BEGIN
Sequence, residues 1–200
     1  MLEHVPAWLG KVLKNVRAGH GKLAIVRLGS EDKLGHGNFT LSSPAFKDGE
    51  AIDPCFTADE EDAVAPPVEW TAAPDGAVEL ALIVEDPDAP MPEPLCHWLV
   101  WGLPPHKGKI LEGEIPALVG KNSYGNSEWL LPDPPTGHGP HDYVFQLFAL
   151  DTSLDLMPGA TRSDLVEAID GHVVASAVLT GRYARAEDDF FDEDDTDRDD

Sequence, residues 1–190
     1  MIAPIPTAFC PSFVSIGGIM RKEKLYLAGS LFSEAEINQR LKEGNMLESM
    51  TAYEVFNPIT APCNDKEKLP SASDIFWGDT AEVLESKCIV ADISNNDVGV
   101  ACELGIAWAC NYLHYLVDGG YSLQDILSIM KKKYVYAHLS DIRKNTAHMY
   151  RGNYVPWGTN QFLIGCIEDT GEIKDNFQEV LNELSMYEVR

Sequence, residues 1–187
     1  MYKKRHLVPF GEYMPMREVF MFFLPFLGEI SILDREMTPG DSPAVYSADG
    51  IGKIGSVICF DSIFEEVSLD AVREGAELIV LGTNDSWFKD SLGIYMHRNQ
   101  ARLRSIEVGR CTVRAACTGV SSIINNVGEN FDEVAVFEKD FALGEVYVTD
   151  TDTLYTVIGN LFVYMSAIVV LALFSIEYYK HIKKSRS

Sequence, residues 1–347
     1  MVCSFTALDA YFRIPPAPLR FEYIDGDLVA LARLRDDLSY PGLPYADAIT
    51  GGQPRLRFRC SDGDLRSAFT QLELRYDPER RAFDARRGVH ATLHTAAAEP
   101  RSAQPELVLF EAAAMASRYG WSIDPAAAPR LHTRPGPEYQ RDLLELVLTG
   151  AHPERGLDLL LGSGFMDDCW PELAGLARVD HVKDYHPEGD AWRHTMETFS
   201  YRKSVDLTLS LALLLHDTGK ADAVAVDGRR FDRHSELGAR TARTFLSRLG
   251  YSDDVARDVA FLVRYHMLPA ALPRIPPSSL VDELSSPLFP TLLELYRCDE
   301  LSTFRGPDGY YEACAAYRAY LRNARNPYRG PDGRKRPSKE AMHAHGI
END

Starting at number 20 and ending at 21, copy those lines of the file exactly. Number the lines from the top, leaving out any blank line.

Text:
   151  AHPERGLDLL LGSGFMDDCW PELAGLARVD HVKDYHPEGD AWRHTMETFS
   201  YRKSVDLTLS LALLLHDTGK ADAVAVDGRR FDRHSELGAR TARTFLSRLG